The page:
When she saw the smoke, Mrs. Scott called 911; then called her sons.
Firefighters arrived on the scene and extinguished the fire but the home was severely damaged. The Scotts' bedroom and a bathroom were standing, but furniture was damaged and everything was blackened by smoke and fire.
The Scotts have lived in their house since 1985 and Mrs. Scott has lived on the property all her life. She suspects the fire could have been caused by an electrical problem but that has yet to be determined. The case is still under investigation.
The Scotts have insurance and their claims representative was on the scene last week to assess the damage, but they have immediate needs such as towels, bed linens and kitchen items. Mrs. Scott also wants to purchase a used laptop to replace her computer lost in the fire.
January is widely known as the start of the flu season, but so far, there have been no reports in Pike County schools.
Pike schools have joined a host of others across the state implementing preventive measures to stave off flu and cold viruses. This includes hand-washing, hand sanitizer and disinfecting classrooms and other parts of school buildings when illness is reported.
Most importantly, children and adults who are sick should stay home. No one should return to work or school until they have been fever free for 24 hours, Callaway said.
District IV public health information officer Hayla Hall said there have been four positive results for the flu from state laboratories this month but this doesn't mean those are the only cases. Influenza is not a notifiable disease and no one is required to report it.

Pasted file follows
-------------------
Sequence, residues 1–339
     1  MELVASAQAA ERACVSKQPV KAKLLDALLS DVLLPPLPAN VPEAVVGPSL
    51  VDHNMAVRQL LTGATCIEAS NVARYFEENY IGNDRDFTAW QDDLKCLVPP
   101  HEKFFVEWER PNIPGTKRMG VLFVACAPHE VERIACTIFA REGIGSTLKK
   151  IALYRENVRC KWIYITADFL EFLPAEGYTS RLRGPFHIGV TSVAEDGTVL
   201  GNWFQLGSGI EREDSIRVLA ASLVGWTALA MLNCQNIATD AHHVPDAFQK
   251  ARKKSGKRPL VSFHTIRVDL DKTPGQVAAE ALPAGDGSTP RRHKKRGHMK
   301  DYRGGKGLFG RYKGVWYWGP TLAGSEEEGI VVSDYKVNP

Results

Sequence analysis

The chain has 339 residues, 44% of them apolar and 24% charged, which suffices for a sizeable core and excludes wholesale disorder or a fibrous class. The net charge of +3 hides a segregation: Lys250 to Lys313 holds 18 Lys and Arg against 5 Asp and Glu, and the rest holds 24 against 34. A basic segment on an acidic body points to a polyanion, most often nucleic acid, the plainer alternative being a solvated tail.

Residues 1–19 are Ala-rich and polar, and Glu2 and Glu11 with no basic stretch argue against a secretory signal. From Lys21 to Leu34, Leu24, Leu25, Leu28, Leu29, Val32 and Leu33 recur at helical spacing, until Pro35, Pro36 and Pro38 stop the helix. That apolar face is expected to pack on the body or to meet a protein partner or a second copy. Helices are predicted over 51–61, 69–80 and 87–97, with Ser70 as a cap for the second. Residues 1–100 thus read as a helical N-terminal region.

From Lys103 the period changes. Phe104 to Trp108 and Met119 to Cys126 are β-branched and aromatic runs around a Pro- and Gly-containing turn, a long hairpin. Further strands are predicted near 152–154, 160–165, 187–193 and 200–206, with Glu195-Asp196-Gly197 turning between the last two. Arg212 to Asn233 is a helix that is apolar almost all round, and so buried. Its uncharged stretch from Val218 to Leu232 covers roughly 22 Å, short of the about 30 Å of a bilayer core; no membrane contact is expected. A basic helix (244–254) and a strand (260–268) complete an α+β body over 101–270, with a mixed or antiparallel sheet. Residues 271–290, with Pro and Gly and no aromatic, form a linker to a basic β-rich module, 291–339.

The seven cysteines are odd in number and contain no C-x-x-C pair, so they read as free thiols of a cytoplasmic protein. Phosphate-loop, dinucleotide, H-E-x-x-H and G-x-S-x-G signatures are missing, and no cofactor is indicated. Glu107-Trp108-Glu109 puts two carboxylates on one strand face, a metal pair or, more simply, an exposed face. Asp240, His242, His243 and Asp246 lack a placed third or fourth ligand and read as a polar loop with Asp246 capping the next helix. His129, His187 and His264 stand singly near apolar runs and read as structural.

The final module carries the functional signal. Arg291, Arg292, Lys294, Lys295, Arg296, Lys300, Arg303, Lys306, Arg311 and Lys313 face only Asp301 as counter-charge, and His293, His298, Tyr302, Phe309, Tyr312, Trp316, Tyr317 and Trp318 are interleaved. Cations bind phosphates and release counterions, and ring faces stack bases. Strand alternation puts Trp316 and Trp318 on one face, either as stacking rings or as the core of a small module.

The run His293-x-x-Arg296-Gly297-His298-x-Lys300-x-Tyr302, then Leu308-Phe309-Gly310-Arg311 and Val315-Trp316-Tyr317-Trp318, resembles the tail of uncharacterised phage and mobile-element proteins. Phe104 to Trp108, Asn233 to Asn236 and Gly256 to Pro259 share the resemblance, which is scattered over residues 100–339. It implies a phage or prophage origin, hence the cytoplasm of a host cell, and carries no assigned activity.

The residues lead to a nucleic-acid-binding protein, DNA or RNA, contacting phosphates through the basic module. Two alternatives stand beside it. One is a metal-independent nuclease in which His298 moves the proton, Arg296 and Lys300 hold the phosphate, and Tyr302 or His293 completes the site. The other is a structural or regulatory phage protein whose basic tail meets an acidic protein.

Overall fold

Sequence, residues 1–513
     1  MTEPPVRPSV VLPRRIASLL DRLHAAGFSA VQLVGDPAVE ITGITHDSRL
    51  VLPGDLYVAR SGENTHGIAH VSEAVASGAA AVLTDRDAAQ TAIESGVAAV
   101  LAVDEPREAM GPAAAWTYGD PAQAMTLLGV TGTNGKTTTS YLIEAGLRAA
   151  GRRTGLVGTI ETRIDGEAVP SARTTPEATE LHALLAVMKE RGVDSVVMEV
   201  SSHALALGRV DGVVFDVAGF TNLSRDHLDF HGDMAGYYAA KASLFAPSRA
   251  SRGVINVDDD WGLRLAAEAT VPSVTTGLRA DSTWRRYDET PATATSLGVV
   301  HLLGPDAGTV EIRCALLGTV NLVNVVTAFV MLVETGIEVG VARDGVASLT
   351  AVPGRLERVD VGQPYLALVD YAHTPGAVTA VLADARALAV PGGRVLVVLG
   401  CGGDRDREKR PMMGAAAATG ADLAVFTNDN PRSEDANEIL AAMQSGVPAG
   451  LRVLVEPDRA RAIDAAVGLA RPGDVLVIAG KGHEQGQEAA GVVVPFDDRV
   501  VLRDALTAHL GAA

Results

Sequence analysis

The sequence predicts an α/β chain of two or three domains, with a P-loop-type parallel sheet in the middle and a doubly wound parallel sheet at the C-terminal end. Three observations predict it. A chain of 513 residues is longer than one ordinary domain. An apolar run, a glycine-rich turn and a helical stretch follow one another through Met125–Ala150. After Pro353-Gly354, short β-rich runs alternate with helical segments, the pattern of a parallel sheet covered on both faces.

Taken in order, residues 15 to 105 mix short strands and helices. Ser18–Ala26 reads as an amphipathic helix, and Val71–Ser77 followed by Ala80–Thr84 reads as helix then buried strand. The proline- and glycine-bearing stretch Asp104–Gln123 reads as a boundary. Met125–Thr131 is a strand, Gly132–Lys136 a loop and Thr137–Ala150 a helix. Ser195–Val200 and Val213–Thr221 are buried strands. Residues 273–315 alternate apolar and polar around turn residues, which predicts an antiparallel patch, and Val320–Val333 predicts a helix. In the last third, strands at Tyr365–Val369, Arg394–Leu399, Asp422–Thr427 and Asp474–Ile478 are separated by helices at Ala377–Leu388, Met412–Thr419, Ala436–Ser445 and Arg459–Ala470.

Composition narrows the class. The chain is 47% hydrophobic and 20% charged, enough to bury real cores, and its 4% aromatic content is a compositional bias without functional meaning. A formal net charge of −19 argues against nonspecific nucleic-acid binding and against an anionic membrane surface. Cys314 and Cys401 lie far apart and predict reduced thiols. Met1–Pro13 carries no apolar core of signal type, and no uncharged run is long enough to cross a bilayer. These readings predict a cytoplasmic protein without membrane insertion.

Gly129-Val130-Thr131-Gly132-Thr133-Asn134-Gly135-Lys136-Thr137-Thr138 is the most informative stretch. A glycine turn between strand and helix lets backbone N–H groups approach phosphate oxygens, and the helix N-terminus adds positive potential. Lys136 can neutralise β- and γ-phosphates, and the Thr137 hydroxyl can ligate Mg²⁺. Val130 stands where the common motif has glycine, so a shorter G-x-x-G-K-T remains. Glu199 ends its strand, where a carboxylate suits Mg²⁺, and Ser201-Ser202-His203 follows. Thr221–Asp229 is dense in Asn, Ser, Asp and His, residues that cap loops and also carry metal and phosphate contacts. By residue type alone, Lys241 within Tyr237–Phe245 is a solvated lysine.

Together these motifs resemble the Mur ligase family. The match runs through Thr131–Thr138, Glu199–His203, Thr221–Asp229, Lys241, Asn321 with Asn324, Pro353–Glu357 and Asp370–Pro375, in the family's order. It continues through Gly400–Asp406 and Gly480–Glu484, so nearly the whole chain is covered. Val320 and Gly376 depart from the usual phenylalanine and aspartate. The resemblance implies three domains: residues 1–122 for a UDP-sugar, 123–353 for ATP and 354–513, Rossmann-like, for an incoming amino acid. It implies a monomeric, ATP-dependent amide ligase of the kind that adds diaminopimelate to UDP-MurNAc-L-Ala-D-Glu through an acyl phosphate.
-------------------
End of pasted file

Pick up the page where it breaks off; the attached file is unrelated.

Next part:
The flu cycle is still sporadic and there has been no large activity, she said. There have been no pediatric deaths or major outbreaks reported.
Preventive measures recommended by the CDC include a flu vaccination, covering the nose and mouth with a tissue when coughing or sneezing, throwing the tissue in the trash after use and washing hands often with soap and water, especially after you cough or sneeze.
Flu vaccinations are still available at the Pike County Health Department. The cost is $25. There is no flu mist vaccine available, but there are a few children's vaccines. Those with private insurance are not eligible.[Full story »]
Personnel policy, execution of board directives and improving customer service were on the minds of commissioners during the first workshop of the new year Jan. 7 at the United Bank lake house.
Commission chairman Doug Mangham and commissioners Don Collins, Parrish Swift and Roosevelt Willis met in the morning and were joined by commissioner Tommy Powers and county manager Steve Marro after lunch.
Marro agreed to send the same communications to commissioners as he does to department heads. He noted much of the work is turned over to county attorney Rob Morton, who performs it on a priority basis.
As county manager, Marro heads county personnel with the authority to hire and fire.
There was also concern about if employees have adequate training to perform their jobs.
"I for one don't know all the qualifications of the people who work here," Marro said.
Department heads have the authority to hire and fire their employees.
Finance technician Sean Townsend recently attended training to become a certified finance officer level one.
Willis said he may be going to learn what he should already know.
"You're in charge of that budget," Willis replied.
Collins asked Marro to address customer service by county employees.
To aid the flow of information to citizens, commissioners asked Marro to post monthly financial reports and meeting minutes on the county website. Powers said commissioners voted to have the information posted.
"You're dumping more and more work on people who already have too much for a 40 hour week," Marro said.
Citizen interference was among Marro's concerns. He said there are problems with the budget process because of citizen interference. He said they also display a disrespectful attitude toward commissioners and fail to understand a county manager form of government.